Friday, January 22, 2016

Renaissance Man: An Interview with Corran Addison

 
In the renaissance of water sports, South African Corran Addison has touched all aspects.  A canoeist and kayaker, a surfer and surfboard and kayak designer, he been at the foremost of paddling innovation. An Olympian in the 1992 Summer Olympics in Barcelona, Addison competed for South Africa in a number of world freestyle kayaking championships, winning more events than any other competitor in the years 1993 to 1999.  In 1987, Addison successfully ran 101-foot vertical drop into Lake Tignes in France at the time one of the highest waterfall kayaking attempts ever made.
Addison has not only made his mark as competitor, but a designer as well while working for Perception KayaksRiot Kayaks and Dragorossi. He is credited with the developing  the planing-hull kayak a technology used in most modern whitewater kayaks.  In 2003 he moved on with a interest in surfing and stand up paddle boards in both a competitive and design.  He formed Corran SUP in 2012 and sold the brand to Kayak Distribution in January 2015.
Innovated and always controversial, Addison gives us his  keen insight to the world of whitewater paddling in both SUPs and kayaking from where it all began and its bright future.

NC: You’ve been on the scene for a long time now and have seen a lot of revolutions. How has water sports, SUPs and kayaking changed in your lifetime?
CA: It has changed a lot in my lifetime because of where I learned to kayak, in South Africa in the 1970s. South Africa was completely detached from the rest of the world because of Apartheid sanctions against the country. So when I started to kayak it wasn't like in the US, where you walk into a store and you could buy a life jacket, spray skirt, helmet, paddle and a boat and go paddling. I mean by the 1970s there were plastic boats in production in both the United States and Canada. By 1972 there was two companies making mass produced plastic boats and before then you could still go and buy a fiberglass boat from any one of a dozen manufactures in the United States and two to three dozen manufactures in Europe who were producing fiberglass Kevlar kayaks.

So we had to design either a boat or find a mold somewhere and just figure out ourselves how to produce them. So the boats we were paddling were very rudimentary. We didn't even know about the Eskimo roll, didn't know what a brace was and didn't have spray skirts. We didn't know about spray skirts. That came years later. After we started kayaking, we figured out to cover up the cockpit and made paddles out of plywood and closet dowels. So in my lifetime kayaking has changed enormously from that to what kayaking is today.

But you could say that essentially, if you took my commercial lifetime, my modern lifetime, when I started paddling in the United States and working for Perception in 1988, from then to now: Even in that almost 30 year period of time kayaking has changed. In many ways it changed significantly and in some ways it hasn't changed that much. If you consider the Perception Dancer as an example, by 1988-89 it was linear shell instead of a cross link shell with cockpit thigh brace seat, foot braces and center bracing in the boat. It didn't have a back band and the cockpit was small, but, it had safe grab loops that you could tie into in case of a pin. We had neoprene spray skirts and fiberglass and carbon paddles and things like this, so here again kayaking was relatively advanced.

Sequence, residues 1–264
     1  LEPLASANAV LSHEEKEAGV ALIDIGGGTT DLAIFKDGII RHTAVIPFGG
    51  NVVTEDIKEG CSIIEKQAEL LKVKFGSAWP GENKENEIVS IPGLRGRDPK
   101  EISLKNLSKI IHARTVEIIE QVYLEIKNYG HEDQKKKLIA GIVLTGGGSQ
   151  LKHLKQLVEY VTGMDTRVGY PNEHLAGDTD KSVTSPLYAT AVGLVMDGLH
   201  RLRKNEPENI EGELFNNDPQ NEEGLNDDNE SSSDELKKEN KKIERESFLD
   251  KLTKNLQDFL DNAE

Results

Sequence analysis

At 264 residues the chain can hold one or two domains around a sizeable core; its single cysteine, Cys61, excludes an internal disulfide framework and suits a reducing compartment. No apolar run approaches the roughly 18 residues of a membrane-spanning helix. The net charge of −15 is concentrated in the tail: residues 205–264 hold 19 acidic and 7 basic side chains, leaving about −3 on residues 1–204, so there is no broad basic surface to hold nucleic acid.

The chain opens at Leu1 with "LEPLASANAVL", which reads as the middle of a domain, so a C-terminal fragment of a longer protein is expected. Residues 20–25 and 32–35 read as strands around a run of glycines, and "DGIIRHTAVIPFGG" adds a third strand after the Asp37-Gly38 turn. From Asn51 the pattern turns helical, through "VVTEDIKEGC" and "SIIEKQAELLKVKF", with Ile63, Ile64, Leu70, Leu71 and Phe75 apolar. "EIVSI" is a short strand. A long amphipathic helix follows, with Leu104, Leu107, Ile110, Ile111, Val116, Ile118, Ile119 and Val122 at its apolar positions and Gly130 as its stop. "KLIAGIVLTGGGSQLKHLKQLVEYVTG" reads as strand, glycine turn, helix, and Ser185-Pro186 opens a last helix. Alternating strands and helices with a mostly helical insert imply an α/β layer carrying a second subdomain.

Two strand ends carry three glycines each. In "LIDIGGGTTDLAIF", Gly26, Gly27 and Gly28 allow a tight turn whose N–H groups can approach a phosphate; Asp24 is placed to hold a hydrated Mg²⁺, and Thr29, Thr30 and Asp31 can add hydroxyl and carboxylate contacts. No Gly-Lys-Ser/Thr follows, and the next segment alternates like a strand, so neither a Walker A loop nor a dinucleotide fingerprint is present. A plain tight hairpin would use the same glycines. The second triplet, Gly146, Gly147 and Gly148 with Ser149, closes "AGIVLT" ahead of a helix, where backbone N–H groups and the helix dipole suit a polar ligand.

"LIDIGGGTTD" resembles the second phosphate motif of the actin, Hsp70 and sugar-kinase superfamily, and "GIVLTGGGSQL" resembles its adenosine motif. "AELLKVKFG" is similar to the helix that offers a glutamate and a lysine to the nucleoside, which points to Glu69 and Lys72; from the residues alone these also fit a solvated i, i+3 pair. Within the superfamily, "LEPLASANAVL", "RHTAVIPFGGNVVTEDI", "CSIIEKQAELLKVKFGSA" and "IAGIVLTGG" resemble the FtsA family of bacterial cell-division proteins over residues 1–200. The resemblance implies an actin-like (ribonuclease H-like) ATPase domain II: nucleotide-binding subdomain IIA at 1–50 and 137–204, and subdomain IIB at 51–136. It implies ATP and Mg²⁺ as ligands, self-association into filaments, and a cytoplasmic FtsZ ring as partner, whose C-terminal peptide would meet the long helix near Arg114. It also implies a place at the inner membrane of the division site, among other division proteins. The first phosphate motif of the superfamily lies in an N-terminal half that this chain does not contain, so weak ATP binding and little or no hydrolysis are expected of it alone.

In another sense, we haven't really moved forward that far either. If you look at the latest kayaks that are on the market they are still a rotormold polyethylene with your basic seat, thigh brace and foot brace in the boats. The outfits have gotten a little fancier, it all moves around a little bit easier and you have to spend less time with glue and foam getting your boat fit. But, in many ways the technology that we’re using to manufacture a kayak in 2016 is almost identical to the technology of 1988. That is pretty sad when you think about it. We haven't in thirty years come up with a better way of making a kayak.

On the flip side, you look at what boating was in the late 1980s in the United States anyway. An overflow creek in the Southeast was consider the epiphany of what was possible to run. It was a steep. It was shallow. It was rocky and people were getting pinned in there in their pointy low rocker small cockpit Dancers. The understanding of how to boof was still very limited. You paddled up to a drop as fast as you could and hope that your nose came up and you didn't hit something on the way down. And you look at what the kids are doing today, where in 1988, if you were running a 20-foot water fall you were something special. Today, guys are doing 8 or 9 loops in an afternoon over 50-footers. They will go to a 50-footer and run it a dozen times and run successfully. There is no luck involved. It is exact and it's precise. So technically what we are doing with kayaks has come along way, even if the technology of how we are making kayaks really hasn't changed much.